Saturday, April 12, 2008

Stay With Me

It has to do with the time of the year. The season has not started as such, Easter has come and gone and there is a hiatus until the 1 May launch of the season proper. And so it has to do with the time of the year, especially this year because of that post-Easter gap. Nerves. You can sense them. Nerves and wariness. Because I operate all over the place, I get asked in Puerto Alcúdia what's it like in Puerto Pollensa, and vice versa; what's it like in the port by those in the old town of Alcúdia; what's it like along The Mile by those in the port? Even during one evening, you can get asked. Are there many a round? Go into a bar, a bit quiet, and they want to know if there are some throngs somewhere nearby that they are missing out on, and the answer is that there are not. No one really believes the fact that hotel occupancies are good, even when I say that I have the news from the horse's mouths - as it, or they, were. But not at the moment is the reply. Whenever are they good at this time of the year is the obvious retort.

This is the phoney season, before it all kicks off. The weather is all over the place, which does not help the anxious mood. Nowhere is governed by the weather more than Mallorca. This may be a stereotypical British topic of conversation, but it is a very real topic here. Especially at this time of the year.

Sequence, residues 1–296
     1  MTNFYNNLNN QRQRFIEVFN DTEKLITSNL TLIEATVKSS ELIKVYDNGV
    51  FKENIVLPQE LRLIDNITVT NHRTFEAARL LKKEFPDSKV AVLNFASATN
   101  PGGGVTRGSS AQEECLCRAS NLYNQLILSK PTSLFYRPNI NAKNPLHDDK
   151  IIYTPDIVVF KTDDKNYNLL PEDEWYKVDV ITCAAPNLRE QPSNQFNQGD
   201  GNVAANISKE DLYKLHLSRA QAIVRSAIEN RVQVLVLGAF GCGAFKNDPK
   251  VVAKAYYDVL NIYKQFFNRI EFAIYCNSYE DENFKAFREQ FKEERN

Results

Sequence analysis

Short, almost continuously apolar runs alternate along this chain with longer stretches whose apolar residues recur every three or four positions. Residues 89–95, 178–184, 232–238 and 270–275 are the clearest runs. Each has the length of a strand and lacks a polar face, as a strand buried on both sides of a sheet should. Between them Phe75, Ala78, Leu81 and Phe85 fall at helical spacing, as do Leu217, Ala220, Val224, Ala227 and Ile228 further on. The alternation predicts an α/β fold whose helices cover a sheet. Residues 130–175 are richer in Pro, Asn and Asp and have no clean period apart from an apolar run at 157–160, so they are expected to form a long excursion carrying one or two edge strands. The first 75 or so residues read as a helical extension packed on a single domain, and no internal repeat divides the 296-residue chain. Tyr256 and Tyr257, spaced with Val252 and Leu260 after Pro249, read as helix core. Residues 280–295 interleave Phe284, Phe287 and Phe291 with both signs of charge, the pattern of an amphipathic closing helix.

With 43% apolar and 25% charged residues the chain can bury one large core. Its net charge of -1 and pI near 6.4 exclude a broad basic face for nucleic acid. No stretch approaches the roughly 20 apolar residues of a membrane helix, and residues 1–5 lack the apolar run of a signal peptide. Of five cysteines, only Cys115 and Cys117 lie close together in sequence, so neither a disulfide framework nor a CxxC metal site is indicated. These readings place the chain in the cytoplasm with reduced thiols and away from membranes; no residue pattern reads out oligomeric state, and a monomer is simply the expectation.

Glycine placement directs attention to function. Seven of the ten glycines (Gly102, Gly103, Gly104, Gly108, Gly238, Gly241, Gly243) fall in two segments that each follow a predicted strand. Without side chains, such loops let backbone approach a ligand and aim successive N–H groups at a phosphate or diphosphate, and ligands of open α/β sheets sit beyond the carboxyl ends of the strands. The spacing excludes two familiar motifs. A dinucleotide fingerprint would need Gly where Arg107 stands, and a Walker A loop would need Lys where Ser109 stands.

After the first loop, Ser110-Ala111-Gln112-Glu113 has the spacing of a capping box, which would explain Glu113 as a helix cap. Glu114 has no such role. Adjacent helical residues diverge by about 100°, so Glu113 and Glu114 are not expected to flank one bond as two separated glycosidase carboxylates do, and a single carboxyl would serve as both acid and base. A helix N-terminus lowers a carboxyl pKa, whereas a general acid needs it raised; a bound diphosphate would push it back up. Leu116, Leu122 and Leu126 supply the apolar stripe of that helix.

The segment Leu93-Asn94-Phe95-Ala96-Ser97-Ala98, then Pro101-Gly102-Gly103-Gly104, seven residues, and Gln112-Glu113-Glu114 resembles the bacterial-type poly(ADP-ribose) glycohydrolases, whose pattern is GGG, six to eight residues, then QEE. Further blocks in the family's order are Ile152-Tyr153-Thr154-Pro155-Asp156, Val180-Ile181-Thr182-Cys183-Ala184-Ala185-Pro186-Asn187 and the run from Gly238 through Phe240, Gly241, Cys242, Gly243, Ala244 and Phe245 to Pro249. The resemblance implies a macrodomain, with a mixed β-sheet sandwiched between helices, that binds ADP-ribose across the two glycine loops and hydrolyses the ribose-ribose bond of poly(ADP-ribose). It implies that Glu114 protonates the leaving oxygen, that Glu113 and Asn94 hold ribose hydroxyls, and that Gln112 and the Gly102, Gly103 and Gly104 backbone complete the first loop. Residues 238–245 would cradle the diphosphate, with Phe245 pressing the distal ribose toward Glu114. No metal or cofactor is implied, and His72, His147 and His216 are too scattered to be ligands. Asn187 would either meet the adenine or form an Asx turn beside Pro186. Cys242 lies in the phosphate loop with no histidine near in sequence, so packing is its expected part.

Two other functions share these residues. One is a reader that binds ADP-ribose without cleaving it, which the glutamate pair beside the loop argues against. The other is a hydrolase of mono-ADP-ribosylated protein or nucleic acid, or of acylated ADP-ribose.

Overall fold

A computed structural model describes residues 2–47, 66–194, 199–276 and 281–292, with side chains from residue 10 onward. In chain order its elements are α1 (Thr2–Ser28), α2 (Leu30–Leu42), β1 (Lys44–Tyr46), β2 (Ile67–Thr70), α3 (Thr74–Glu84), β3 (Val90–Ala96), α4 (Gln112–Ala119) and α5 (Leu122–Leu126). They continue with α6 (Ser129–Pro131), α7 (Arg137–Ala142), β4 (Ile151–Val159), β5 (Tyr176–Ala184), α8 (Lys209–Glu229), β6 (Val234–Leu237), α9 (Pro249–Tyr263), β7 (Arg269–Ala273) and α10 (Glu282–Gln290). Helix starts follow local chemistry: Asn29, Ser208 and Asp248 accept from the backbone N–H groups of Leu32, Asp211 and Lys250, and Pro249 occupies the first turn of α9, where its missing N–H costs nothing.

But in a few weeks time, it will be close to bedlam, at least traders would hope so, and the nerves and worries will be replaced by tiredness and short temper. And the weather will get hot, and so that tiredness and temper become more acute. Again the weather. If it is not close to bedlam ...

And on a totally different matter. Another oddity from "The Bulletin", this time in the Riki Lash thing. It may well have been the lady herself who used the word, but even so. This particular lady runs a restaurant and she wishes to thank both "new and staid customers". Staid? What exactly is a staid customer? "A quiet and steady character" to quote the Oxford. Staid is an archaic past tense form of the verb to stay, but would never have been applied as an adjective. So what can a staid customer be? Someone must know.

QUIZ: Yesterday - The Corrs. Today's title - which band did this?


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